A few days ago I mentioned a new series from Abingdon Press called Reframing New Testament Theology. Dr. Joel B. Green, the editor of the series, was kind enough to answer some questions about this. Can’t wait to get my hands on some of these volumes!
Nijay: Can you tell me a little bit about how you got involved in this series and its aims?
Dr. Green: Actually, the initiative came from Abingdon Press. The idea was for a series concerned with theological contributions to central questions raised by study of the New Testament. The point of departure would be questions raised among New Testament students, and the analysis would bring students into active, theological engagement with the New Testament and related materials. That was our beginning point, anyway, and we developed the series more fully from there.On your blog, you mentioned the “themes” books that Word produced some years ago, but our thinking went back further, to such precursors as John A.T. Robinson’s The Body, and Oscar Cullmann’s Baptism in the New Testament. Those books suggested to us something of the aim and level of writing anticipated, even if those older books were shorter than expected in this series, and their coverage of the New Testament books was generally more limited.
Dr. Green: We assumed a readership with little or no familiarity with New Testament scholarship generally, and didn’t want New Testament scholarship itself to set the agenda for the volumes. So you won’t find a lot of critical interaction with scholar A or scholar B. Even so, we weren’t thinking of the ever-elusive education layperson when we imagined the series. Such people do exist, of course, but we wanted to produce textbooks first and foremost, as well as books that would be good reads among pastors and study groups.One of the hallmarks of the series is that we don’t try to define for our authors what it means to use “New Testament” and “theology” in the same sentence. We want books in the series to promote theological engagement with the New Testament, but we don’t try to specify for our authors how best to introduce and invite that kind of engagement.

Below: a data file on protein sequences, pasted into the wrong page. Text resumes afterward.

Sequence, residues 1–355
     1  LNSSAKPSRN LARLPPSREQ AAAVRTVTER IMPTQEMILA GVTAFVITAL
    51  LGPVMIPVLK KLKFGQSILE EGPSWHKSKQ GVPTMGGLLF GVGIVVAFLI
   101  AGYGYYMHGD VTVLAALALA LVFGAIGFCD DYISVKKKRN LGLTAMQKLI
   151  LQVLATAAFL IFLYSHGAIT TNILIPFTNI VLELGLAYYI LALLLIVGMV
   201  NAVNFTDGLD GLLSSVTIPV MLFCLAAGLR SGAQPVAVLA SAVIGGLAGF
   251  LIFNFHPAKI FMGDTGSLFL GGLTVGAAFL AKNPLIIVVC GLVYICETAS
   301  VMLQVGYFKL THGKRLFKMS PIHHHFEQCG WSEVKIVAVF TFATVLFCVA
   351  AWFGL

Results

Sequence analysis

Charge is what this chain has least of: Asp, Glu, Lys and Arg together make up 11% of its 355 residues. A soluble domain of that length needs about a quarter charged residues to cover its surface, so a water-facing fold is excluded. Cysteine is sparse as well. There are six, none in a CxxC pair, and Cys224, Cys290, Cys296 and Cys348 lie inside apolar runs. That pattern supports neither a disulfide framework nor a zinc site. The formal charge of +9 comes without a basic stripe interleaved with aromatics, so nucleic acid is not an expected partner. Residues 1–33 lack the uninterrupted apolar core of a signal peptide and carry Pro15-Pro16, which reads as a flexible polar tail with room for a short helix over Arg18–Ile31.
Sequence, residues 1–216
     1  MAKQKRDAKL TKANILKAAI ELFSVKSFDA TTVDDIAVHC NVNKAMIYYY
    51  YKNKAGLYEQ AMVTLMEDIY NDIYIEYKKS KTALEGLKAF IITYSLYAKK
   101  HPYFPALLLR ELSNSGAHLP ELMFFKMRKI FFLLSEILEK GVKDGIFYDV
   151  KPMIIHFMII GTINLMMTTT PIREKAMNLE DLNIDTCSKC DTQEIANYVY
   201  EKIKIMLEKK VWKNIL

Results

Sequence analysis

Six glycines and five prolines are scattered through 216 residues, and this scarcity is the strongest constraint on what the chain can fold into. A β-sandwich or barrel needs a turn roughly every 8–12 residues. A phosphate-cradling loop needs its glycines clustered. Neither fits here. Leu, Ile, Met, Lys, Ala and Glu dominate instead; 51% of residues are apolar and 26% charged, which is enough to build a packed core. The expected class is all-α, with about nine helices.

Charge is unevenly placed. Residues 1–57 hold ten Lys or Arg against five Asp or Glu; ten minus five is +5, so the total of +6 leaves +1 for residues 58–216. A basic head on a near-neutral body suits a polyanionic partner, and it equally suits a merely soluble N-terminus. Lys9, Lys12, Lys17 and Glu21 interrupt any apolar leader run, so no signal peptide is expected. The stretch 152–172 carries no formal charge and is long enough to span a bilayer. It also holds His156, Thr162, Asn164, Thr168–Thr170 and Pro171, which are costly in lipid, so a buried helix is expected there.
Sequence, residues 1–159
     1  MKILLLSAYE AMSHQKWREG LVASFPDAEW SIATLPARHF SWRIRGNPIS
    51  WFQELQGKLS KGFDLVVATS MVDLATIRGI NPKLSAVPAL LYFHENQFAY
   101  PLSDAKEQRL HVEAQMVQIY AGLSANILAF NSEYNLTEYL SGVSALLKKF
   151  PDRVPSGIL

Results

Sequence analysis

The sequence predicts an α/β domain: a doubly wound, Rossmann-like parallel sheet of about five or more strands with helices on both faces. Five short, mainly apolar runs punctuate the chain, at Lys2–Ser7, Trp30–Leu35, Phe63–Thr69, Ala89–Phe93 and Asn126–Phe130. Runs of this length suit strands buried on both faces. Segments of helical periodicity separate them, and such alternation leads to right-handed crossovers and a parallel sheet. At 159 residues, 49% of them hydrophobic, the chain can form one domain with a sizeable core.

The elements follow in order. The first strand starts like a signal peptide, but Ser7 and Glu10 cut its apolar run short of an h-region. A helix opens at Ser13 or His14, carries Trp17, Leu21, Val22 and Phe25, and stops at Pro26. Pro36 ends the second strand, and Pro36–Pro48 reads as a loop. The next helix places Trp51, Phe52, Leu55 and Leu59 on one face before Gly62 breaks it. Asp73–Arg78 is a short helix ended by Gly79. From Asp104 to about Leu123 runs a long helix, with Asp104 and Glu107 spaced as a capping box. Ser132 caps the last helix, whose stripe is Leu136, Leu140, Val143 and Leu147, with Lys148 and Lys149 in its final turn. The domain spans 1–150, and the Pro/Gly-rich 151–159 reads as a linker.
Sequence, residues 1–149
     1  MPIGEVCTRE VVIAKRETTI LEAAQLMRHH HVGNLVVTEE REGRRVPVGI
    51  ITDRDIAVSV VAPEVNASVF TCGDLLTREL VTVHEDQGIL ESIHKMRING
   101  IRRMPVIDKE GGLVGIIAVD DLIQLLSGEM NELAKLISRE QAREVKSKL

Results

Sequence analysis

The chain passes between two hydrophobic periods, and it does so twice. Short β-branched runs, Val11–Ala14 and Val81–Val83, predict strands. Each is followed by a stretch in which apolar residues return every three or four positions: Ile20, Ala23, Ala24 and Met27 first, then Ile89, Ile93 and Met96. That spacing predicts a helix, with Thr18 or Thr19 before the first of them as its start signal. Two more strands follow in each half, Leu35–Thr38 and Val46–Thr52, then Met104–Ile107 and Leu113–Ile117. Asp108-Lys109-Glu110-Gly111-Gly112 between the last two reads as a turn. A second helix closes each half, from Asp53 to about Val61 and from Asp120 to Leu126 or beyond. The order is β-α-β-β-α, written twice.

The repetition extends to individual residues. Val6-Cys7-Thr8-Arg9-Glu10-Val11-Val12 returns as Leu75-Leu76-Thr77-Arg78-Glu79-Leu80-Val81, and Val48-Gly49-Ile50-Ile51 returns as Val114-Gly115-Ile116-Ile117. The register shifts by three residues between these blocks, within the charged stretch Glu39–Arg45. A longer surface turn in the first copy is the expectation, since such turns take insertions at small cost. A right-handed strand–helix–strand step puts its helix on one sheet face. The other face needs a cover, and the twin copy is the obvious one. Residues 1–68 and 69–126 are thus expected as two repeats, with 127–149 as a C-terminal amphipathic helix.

Dr. Green: In Why Salvation? I try to ground salvation deeply within God’s work in the world, and I try to define salvation as broadly and wholistically as possible. I work to show how our understanding and experience of salvation is tied to creation and kingdom; persons and communities; the past, present, and future; and so on.As I urge in the book’s introduction, our understanding of salvation builds on a number of related concepts, including, for example, anthropology, theology, Christology, ecclesiology, missiology, and eschatology. Throughout the book, then, I argue that, if our exploration of the theme of salvation is to be faithful to the New Testament, it must be account for the human cry for healing in personal, communal, and even global terms; and it must provide a vision of salvation that can be heard and communicated genuinely as good news.
Dr. Green: I’ve already hinted at this, I think. You will know that my work on “humanity in Scripture” emphasizes the irreducible wholeness of the human person, the relational character of humanity, and humanity’s inseparable tie to the earth God has created. This means that we are ever in danger of promoting an anemic gospel of salvation, when what is needed is an invitation into a salvific journey that encompasses all of life and entails transformed commitments and fresh practices.
Dr. Green: The series is open-ended, and I’m on the lookout for potential authors. You’ve mentioned the first three volumes. A fourth will follow: Dean Fleming on Why Mission? Other volumes I have in mind are Why Jesus? and Why the End of the World?